In fact, until the invention of graphics cards and technologies that surpass the human imagination (haha!), MUDs will be difficult to completely remove from the scene. Imagine a realtime adventure with other people online, as vividly detailed as your favorite book but with all of the agency in your hands? That’s the reality of gameplay on a MUD. We put a lot of emphasis on graphics and visuals for games now, but as hardware begins to plateau, avenues like MUDs will continue to double-down on the experiences that make them so great, eschewing the bridles of resource creation in exchange for pure poiesis. You can spin up a MUD and start writing the environment, making it as intricate as you’d like, and everything you describe costs you the same amount of effort: words. Making a game with graphics is entirely different, with various effects, models, and landscapes requiring more time, attention, and skills than others. In a graphic-based game, not every asset has the same cost associated, and this can place artificial limitations on a game. Developers may opt for a less dramatic or exciting route simply because they lack the time or budget. Whereas in developing a MUD, your only limitation is your ability to describe.

Despite the age and legacy of this type of program, starting a MUD in 2018 can be a difficult process. There are many popular codebases that have been in use for years or even decades, and the command syntax, interfaces, and unique quirks of each of them means that players often develop preferences. These codebases can sometimes be in older programming languages or require complex accompanying databases to facilitate the program. Thankfully, there are codebases available that are fairly straightforward to set up and come with a fair amount of functionality out of the box. It’s worth noting that it can easily take months or years of development for even a team of dedicated creators to build a quality, developed MUD for players, and that’s barely considering the amount of writing and building that has to go into it. Creating unique and compelling gameplay mechanics that are balanced and engaging is a mixture of art and science that many MUDs still struggle to get right. Because I am a JavaScript junkie, I’ve done a fair amount of tinkering in a MUD engine called Ranvier and I recommend this codebase for modern would-be MUD wizards looking to set up a tabula rasa for tinkering. Because it takes such a large amount of time and dedication to create a MUD, I do not think there are any released/popular MUDs out there currently using the Ranvier engine, but the same can be said for many MUD codebases, unfortunately. Due to the nature of niche communities in which MUDs tend to live, it’s fairly common for these virtual worlds to appear, amass players, and then vanish just as quickly as they came. In some cases, the community can recover the source code and try to reboot, but other times the entire content is lost forever. Still, you can find a wide variety of popular MUDS ― some of which have been around for decades ― on websites like Top Mud Sites and The Mud Connector and I encourage you to check one out if any of this piques your interest.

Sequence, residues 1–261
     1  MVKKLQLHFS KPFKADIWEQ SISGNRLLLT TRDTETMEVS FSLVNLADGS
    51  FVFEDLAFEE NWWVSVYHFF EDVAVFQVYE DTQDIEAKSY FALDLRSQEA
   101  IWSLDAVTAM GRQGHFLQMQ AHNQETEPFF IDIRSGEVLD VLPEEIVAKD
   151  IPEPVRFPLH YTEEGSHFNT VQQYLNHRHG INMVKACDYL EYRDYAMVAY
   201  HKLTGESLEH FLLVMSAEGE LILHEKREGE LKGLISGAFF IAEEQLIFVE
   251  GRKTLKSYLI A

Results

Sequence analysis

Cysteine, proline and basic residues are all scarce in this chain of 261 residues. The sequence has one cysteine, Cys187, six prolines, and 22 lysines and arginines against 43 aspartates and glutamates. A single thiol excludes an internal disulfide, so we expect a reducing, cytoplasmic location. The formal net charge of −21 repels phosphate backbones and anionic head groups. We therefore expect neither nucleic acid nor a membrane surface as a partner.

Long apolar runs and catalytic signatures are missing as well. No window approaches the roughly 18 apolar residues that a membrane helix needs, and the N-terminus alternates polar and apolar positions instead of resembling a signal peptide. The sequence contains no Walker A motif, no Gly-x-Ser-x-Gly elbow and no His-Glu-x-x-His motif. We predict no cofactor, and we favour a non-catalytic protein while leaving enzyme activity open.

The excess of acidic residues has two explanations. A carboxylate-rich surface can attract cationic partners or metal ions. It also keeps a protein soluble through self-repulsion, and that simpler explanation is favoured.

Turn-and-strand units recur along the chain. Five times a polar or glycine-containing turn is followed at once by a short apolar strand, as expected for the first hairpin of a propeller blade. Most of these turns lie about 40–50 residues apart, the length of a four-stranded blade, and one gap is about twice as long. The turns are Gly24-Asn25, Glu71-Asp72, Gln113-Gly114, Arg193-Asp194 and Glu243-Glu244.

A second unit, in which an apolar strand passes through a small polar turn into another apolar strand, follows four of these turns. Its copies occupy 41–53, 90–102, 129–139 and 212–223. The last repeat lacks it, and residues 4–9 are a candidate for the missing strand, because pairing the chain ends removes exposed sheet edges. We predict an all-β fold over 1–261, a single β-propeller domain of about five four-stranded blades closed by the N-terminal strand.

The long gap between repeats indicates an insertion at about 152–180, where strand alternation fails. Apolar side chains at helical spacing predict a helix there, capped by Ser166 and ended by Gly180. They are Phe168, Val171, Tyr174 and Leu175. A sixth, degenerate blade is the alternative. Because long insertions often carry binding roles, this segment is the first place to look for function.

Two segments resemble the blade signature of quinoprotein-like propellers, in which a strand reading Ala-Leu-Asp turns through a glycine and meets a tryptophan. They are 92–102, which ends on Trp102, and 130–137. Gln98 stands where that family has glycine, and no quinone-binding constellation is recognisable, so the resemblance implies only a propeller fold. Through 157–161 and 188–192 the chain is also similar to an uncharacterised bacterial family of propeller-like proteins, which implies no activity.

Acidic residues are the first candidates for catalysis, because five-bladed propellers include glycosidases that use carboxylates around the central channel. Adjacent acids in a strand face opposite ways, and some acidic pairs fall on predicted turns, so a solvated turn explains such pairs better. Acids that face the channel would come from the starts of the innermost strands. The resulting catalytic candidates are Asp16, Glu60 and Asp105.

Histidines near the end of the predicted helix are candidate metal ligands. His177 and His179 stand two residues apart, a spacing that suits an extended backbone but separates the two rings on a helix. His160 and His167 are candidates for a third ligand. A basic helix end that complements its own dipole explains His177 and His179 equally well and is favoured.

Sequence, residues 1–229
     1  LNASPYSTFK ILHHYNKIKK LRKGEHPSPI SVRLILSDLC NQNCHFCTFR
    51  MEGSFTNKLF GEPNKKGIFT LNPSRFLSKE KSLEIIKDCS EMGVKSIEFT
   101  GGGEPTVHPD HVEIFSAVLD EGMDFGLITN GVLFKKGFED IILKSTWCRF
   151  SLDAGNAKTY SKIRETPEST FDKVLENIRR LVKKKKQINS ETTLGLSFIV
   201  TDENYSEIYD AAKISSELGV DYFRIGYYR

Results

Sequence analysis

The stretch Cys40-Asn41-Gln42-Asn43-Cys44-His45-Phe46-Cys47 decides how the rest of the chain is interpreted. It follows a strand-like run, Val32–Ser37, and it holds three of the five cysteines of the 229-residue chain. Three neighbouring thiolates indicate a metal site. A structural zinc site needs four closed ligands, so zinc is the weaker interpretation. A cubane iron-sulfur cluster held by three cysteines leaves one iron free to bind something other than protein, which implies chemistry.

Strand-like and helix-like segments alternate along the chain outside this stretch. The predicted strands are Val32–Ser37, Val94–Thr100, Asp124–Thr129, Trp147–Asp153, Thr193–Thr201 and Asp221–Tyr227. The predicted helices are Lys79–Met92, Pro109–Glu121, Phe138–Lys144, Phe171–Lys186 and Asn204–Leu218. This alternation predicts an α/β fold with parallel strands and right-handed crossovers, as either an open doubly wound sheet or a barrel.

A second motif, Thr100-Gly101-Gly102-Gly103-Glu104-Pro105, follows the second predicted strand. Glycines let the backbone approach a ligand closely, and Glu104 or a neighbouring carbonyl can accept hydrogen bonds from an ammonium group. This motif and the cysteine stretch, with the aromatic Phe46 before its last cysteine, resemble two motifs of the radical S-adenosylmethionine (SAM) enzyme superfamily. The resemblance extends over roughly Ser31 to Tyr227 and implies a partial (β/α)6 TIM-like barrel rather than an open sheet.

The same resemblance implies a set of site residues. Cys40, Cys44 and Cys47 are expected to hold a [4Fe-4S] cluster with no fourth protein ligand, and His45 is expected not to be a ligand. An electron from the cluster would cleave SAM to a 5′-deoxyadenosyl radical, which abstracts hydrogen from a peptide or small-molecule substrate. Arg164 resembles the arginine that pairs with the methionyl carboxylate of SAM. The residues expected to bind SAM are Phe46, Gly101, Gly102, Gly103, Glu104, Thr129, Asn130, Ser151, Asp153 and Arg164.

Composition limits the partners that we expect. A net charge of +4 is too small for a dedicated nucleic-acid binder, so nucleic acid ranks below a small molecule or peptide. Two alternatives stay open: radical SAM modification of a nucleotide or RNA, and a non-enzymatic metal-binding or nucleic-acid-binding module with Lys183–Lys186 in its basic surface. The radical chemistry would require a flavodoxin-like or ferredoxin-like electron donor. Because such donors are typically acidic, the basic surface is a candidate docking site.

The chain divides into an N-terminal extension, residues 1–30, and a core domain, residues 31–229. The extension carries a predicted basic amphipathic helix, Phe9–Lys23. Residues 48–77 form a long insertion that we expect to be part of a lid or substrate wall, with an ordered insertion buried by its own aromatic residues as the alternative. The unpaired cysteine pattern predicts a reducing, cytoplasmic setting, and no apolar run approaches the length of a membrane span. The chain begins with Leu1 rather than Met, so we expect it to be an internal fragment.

You can read more about my new MUD engine project, Pinwheel, here on my blog.

Further Reading

MUD - Wikipedia

MUSH - Wikipedia

MOO - Wikipedia

Telnet - Wikipedia

Telepresence - Wikipedia

Ranvier, a MUD engine in JavaScript